Posted on Reply
#5
GC_PaNzerFIN
W1zzard said:

any idea where the system is described? i dont see any evidence of it when doing my power consumption testing. maybe you mean vrm overheat protection which reduces clocks on overheat?
Yes they changed the method, HD4 detected exe and HD5 have hardware protections. End result is same.

http://www.anandtech.com/show/2841/11

T
Posted on Reply
#6
OneMoar
There is Always Moar
!firehazard :shadedshu
350 watts @ 12v = 30 amps - the 75-100 that the pcie-buss can supply so you are right on the edge of what the wires from you're psu can handle ..
most wires are only rated for about 8-10 AMPS > then.melt
I put forth this question when does performance out weight the extra power usage and risk
Posted on Reply
#7
Wile E
Power User
OneMoar said:
!firehazard :shadedshu
300 watts @ 12v = 30 amps
wires are only rated for about 20 > then.melt
I put forth this question when does performance out weight the extra power usage and ris
Not all wires melt at 20A. Higher gauge/thicker wire = more amps, and not only that, but that load is spread across multiple wires.

A quality board and quality psu has no problems handling these kinds of loads.
Posted on Reply
#8
OneMoar
There is Always Moar
Wile E said:
Not all wires melt at 20A. Higher gauge/thicker wire = more amps, and not only that, but that load is spread across multiple wires.

A quality board and quality psu has no problems handling these kinds of loads.
I know that but consider when you start adding the rest of the power hungry components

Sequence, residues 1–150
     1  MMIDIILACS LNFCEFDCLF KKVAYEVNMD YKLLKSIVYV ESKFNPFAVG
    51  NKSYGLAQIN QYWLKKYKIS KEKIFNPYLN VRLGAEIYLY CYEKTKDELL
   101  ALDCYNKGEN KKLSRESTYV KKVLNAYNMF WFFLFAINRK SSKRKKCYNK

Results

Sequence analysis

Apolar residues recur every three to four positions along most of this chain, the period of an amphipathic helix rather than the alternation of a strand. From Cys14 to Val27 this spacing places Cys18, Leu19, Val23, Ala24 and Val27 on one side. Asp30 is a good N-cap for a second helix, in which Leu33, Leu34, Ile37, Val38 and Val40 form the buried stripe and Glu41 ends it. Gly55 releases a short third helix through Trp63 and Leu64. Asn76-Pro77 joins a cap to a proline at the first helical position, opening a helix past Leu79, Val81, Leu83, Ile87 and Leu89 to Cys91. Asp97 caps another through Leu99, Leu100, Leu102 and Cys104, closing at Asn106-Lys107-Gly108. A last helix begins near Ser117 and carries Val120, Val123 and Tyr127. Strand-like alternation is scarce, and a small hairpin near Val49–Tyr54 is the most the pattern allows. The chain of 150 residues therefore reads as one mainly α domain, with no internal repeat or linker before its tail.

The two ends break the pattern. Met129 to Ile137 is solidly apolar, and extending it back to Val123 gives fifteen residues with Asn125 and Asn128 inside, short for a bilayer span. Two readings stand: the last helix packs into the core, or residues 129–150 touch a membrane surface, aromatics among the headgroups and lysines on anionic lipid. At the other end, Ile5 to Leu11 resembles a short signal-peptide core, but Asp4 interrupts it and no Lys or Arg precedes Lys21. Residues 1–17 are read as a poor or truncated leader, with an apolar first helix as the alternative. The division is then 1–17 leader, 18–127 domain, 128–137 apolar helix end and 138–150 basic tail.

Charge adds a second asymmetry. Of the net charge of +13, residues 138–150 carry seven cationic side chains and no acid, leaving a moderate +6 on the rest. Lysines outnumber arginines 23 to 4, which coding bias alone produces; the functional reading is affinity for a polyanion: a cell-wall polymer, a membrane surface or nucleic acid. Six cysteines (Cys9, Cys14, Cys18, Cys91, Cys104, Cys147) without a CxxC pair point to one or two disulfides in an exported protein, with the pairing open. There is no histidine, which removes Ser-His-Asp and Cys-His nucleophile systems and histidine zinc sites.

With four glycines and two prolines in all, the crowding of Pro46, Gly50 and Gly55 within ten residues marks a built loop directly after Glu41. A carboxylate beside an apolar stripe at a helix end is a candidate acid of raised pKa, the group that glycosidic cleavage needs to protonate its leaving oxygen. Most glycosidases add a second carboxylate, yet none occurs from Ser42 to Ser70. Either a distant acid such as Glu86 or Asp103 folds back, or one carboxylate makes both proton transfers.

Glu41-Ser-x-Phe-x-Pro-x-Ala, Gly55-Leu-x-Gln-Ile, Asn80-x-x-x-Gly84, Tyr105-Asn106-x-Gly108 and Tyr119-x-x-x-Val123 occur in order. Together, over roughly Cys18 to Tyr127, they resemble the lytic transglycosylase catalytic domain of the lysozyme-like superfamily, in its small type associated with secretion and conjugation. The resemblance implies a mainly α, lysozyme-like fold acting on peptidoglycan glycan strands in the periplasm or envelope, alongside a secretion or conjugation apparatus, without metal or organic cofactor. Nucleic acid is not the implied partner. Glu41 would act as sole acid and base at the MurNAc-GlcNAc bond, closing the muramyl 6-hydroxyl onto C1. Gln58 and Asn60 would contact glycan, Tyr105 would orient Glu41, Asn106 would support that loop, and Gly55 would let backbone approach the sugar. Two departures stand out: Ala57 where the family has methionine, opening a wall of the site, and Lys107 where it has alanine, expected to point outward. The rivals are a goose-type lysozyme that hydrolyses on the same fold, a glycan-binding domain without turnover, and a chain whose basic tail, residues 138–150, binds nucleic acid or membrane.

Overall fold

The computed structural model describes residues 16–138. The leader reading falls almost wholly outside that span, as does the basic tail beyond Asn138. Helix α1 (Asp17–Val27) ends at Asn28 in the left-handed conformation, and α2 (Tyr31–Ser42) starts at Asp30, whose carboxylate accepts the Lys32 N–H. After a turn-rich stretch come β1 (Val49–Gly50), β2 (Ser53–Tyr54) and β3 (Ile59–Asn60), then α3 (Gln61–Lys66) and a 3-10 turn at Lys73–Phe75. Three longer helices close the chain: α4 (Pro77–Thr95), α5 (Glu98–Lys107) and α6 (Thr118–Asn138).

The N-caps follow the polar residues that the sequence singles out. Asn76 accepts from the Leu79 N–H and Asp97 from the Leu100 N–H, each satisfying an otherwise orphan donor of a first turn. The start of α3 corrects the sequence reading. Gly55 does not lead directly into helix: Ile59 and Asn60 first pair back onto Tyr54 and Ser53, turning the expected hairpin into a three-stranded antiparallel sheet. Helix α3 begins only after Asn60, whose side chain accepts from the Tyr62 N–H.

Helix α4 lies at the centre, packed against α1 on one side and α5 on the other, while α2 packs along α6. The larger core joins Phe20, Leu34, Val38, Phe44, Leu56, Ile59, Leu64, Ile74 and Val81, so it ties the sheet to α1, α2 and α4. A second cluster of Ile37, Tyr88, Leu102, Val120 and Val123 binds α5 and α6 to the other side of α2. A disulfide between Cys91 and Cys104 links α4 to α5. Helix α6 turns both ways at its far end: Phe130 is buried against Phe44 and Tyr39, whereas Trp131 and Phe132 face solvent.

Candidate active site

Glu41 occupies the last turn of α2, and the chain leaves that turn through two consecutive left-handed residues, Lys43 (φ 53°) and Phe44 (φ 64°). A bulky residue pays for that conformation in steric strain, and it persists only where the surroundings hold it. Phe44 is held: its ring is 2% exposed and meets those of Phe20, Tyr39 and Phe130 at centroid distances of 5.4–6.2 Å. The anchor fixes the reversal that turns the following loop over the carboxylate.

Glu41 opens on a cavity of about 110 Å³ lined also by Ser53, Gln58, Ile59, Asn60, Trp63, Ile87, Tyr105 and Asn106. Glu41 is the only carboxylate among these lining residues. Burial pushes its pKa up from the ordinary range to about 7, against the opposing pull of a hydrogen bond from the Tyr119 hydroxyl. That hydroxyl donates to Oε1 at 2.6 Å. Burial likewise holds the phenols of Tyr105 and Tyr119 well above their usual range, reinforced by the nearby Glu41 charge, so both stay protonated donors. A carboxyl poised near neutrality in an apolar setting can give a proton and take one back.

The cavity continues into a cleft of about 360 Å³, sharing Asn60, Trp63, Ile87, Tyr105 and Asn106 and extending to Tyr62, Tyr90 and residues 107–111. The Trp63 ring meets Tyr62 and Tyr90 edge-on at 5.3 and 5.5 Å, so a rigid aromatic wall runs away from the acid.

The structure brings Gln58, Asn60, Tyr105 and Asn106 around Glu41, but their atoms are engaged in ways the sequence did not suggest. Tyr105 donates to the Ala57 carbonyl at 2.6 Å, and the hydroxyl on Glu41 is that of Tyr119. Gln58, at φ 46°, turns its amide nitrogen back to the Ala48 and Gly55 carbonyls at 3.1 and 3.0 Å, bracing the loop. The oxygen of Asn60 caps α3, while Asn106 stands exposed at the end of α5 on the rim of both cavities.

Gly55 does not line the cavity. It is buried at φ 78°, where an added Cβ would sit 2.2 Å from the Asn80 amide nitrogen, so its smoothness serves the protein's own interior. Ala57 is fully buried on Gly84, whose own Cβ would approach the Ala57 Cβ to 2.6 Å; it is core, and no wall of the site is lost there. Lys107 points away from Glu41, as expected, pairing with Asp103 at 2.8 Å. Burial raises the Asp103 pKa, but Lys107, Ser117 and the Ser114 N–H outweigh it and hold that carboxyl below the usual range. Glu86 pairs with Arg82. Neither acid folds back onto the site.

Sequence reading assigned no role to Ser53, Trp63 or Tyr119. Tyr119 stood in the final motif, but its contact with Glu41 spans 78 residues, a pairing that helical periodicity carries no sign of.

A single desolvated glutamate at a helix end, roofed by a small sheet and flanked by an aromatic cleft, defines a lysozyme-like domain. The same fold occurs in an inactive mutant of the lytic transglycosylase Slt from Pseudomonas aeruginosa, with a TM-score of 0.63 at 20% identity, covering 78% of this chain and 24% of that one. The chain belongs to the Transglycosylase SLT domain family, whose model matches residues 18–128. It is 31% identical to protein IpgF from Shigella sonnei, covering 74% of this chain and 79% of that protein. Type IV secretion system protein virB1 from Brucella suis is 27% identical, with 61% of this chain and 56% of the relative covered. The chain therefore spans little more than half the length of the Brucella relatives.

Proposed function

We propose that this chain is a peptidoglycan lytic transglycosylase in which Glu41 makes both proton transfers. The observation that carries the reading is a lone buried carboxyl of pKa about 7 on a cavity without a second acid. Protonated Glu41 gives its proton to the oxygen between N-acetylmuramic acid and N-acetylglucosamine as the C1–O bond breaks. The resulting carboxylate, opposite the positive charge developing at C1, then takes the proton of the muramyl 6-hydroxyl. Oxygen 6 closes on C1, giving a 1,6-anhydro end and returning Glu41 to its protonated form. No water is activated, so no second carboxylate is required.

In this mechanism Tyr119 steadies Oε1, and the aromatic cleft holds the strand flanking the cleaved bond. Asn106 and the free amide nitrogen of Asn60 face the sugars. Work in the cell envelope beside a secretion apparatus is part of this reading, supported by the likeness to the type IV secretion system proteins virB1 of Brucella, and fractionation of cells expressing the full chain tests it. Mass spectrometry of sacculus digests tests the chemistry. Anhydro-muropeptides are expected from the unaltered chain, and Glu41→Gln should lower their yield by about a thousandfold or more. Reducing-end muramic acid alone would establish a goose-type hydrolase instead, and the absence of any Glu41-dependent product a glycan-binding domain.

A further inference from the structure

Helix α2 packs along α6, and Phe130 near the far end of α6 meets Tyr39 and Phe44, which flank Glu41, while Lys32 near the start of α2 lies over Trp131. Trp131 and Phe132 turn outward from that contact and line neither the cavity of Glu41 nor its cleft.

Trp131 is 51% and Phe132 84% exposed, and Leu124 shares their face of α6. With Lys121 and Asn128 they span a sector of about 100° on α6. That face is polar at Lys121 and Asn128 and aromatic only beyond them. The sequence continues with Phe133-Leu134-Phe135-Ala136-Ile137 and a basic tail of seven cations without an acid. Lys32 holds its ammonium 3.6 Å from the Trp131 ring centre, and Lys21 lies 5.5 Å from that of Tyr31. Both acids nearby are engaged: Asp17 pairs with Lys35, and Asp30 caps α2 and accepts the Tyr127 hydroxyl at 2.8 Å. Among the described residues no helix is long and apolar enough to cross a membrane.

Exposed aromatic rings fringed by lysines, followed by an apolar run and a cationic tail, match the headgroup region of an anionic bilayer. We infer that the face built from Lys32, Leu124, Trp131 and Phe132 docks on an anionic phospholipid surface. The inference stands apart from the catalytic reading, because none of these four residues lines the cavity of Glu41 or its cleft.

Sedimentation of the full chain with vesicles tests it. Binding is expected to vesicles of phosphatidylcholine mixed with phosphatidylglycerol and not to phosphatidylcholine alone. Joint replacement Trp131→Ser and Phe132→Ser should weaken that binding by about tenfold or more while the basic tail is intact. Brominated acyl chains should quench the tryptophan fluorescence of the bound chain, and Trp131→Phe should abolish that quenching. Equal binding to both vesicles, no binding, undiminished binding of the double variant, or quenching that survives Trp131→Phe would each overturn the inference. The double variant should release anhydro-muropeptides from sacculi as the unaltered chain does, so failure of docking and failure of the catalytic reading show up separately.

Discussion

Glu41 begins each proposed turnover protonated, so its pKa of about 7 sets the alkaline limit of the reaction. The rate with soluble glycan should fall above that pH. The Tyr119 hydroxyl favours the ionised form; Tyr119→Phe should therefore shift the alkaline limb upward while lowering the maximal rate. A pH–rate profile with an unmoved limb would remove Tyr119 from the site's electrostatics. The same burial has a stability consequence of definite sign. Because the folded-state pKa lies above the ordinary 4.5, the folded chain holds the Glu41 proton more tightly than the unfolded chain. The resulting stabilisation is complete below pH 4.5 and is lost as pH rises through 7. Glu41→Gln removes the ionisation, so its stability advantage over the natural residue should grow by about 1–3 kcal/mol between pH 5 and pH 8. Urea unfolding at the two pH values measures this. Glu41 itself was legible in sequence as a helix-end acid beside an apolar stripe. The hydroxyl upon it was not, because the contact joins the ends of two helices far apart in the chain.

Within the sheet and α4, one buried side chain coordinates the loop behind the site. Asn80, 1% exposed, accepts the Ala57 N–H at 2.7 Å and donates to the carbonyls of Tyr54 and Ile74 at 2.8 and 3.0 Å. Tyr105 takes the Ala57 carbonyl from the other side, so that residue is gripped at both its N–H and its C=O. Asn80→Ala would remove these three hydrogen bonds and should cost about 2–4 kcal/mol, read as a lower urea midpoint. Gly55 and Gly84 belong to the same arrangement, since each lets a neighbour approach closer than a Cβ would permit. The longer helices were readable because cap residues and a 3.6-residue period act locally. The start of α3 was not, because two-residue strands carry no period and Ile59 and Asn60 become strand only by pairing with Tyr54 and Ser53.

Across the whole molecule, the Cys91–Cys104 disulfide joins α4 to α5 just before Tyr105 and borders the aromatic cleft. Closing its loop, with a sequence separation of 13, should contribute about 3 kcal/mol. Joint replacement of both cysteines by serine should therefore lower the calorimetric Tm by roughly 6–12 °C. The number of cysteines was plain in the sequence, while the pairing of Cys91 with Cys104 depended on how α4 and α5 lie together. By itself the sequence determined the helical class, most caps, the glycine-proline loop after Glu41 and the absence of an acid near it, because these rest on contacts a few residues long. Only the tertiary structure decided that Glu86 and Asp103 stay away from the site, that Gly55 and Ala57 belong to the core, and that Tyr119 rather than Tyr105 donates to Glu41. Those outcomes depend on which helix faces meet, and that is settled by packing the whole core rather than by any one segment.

bad things will happen
unless you can find a psu with 15g wiring most are 20-18
Posted on Reply
#9
Wile E
Power User
OneMoar said:
I know that but consider when you start adding the rest of the power hungry components
bad things will happen
unless you can find a psu with 15g wiring most are 20-18
It's still not a problem with a high qulaity psu. If you can afford a 580, you can afford the high quality psu to go with it. I'll put 30A from a video card thru my psu all day, and never have to worry about it.
Posted on Reply
#10
bakalu
MikeMurphy said:
OK, if you don't care about the topic of this thread then please don't post in this thread. This isn't a sneer remark or anything but just a way to get this thing back on topic.

Thanks,
HTC said:
@ bakalu: Any chance you could rename the EXE Furmark to whatever you like and run it again with your 580? If @ anytime you see the temp rising too much, please interrupt the program but do post a screenie after.
My ASUS GeForce GTX 580 @ 880MHz/1050. This overclock was 100% stable on games and 3DMark Vantage

vCore=1.138V, stock fan, FAN set 85%, Room Temp=25oC. I rename Furmark to nemesis and run over 40'. Here is my result:


Maximum Temp 70oC

What more you can say :D
Posted on Reply
#11
W1zzard
renaming furmark will not make any difference for nvidia's detection system
Posted on Reply
#12
Splave
alot of crying in this thread? if you are a gamer/normal user this doesnt even apply to you. To a bencher innovation like this is invaluable. thanks w1zzard :D
Posted on Reply
#13
INTHESUN
What is this meant to do. Just tried it and I don't know if I did it correct.


is this correct?.





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Posted on Reply
#15
trt740
thx wizzard great addition.
Posted on Reply
#16
encor3
How do I use the command lines in GPU-Z? Haven't really used the program more than just monetoring the GPU so I would really appreciate an explanation on how to disable the throttling on my 580GTX...
Thanks in advance!

//encor3
Posted on Reply